Class participation can be a helpful way to assess your students’ learning and get feedback on your instructional effectiveness throughout the semester. Listed below are tools for tracking student responses and evaluating student learning.
To know more about any of these options, schedule a training session with our team.
Polling is widely used in higher education. It allows faculty to quickly gauge student understanding and gives students a quick comparison of their understanding relative to their classmates. Web-based polling tools allow faculty to display questions and collect responses via a website. Students respond from a website or mobile app, or sending a text message. Students can also give short text responses to questions. Since polling is generally anonymous, students can be honest about what they know or might need more help with. Faculty can get a sense of how well the entire class is learning the material, and students can get a sense of where they fall in relation to their peers. Polling can also improve class participation and can help faculty improve their teaching materials and style. To learn more about our polling tool visit In-Class Polling page.
Tracking student responses with the Seating Chart tool
Berkeley Law’s Seating Chart tool is a great way to learn student names, but it also has a feature that lets you keep track of student responses. By clicking on the icons of students in the seating chart, you can specify the question you asked and how that student responded. Throughout the semester these responses are tracked so you can quickly view the quantity and quality of answers from students.
bCourses makes it really easy to use quizzes which you can taylor to your needs to track student’s understanding of taught materials. Both quizzes and polls can be posted outside of class, allowing students to respond at their own time and pace. Learn more about bCourses quizzes here.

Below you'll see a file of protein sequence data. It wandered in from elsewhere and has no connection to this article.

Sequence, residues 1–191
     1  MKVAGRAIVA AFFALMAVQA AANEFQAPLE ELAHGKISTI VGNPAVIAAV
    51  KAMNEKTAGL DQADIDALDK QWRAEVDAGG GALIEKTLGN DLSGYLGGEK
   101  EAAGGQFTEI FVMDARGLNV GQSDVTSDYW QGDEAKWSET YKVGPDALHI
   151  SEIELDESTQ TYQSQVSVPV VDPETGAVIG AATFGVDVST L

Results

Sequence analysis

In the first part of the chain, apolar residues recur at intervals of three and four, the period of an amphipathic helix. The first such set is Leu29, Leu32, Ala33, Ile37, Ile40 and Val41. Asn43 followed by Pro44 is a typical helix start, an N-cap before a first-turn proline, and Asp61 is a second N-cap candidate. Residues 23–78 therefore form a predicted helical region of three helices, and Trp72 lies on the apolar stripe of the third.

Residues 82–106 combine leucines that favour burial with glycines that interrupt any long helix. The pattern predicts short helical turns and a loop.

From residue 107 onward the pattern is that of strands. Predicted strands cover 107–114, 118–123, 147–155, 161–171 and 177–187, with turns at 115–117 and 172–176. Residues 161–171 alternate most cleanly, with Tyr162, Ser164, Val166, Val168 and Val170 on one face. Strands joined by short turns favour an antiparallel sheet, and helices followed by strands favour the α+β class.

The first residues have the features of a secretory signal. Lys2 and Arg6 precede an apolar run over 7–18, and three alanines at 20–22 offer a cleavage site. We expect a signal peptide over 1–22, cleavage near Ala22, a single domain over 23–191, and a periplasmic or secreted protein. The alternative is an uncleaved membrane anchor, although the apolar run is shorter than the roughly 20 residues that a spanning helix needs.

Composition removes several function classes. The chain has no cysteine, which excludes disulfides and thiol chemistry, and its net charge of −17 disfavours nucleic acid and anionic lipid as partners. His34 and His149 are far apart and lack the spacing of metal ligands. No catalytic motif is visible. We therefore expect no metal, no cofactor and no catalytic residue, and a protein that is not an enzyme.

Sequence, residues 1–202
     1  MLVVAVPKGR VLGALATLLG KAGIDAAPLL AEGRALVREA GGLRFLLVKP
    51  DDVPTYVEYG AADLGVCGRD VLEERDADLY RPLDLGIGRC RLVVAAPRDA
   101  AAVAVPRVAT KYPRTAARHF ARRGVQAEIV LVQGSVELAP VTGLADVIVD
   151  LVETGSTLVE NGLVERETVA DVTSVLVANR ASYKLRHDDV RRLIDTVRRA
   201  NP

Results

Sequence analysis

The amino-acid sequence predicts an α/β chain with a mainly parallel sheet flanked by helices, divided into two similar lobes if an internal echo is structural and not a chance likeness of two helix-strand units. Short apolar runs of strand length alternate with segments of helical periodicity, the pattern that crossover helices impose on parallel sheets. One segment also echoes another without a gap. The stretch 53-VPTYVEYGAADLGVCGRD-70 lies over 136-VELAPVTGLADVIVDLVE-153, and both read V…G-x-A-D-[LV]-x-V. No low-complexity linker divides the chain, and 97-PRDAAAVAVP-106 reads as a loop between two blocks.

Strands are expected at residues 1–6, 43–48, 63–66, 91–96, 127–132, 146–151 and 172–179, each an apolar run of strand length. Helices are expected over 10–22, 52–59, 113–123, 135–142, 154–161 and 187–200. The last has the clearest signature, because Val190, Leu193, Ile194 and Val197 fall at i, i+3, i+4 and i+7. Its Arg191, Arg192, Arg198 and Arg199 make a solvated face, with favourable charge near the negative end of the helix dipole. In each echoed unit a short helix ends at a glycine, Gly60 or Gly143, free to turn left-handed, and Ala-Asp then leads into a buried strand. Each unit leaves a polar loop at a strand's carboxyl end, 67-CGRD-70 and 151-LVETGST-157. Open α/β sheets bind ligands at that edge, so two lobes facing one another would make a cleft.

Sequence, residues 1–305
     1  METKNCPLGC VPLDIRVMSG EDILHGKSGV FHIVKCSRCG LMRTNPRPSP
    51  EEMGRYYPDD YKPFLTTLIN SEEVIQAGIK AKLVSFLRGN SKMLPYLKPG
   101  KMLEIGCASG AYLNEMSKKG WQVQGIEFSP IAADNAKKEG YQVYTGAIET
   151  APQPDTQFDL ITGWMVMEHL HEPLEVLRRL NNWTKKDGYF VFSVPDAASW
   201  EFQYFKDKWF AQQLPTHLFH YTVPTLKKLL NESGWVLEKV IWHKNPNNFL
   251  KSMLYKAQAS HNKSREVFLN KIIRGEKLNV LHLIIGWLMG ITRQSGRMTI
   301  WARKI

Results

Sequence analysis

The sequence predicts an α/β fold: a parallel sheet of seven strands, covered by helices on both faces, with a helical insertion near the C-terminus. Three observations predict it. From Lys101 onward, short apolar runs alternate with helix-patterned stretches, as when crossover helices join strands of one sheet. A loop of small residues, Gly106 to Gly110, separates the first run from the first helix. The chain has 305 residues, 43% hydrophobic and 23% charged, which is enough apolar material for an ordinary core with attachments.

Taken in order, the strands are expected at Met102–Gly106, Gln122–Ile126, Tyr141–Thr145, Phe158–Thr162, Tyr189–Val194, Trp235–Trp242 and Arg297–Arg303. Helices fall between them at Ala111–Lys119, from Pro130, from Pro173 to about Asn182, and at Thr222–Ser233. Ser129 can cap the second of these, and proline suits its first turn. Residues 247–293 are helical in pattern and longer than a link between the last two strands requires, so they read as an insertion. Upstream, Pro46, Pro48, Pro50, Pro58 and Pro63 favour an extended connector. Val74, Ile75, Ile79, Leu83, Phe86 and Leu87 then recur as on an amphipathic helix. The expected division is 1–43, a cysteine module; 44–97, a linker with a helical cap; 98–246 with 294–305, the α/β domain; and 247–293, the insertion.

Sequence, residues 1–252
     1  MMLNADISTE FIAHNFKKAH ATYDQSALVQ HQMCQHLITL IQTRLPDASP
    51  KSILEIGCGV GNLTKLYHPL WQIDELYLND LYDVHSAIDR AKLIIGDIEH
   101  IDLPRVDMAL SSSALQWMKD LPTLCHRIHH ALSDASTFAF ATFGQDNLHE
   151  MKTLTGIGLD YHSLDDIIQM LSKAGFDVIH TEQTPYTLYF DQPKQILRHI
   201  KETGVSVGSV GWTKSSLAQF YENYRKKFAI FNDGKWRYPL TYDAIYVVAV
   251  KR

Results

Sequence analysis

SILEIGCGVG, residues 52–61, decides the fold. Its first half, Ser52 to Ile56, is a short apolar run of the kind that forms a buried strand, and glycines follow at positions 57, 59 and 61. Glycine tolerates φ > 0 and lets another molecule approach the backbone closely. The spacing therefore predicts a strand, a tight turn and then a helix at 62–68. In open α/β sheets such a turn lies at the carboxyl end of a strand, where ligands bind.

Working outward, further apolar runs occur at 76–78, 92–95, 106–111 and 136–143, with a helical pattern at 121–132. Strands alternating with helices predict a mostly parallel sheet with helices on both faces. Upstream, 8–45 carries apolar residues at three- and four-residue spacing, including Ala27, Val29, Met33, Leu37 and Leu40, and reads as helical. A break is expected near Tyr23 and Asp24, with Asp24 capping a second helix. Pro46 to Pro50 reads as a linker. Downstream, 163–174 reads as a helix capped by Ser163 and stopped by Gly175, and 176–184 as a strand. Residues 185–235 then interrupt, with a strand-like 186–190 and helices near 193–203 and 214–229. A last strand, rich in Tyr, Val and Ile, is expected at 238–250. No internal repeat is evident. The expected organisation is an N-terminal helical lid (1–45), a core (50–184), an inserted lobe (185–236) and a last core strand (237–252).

Student journals as assessment tools: Blogs and Podcasts
Blogs and Podcasts can provide a great way to track student responses online. Each student or group of students can be given a blog or podcast to discuss class topics, readings or lectures. It gives students that may not talk in class a great way to share their thoughts with you online. Students that do speak often in class will be able to think through the reading materials and elaborate a response to them before they go to class, so they have a refined point of view. By the end of the semester, you can easily track the learning of your students, since all of their discussions will be in one location. Blogs and podcasts can be published publicly or in a restricted way but making them public discourages students from writing in a casual voice. It also allows students to easily read each others work.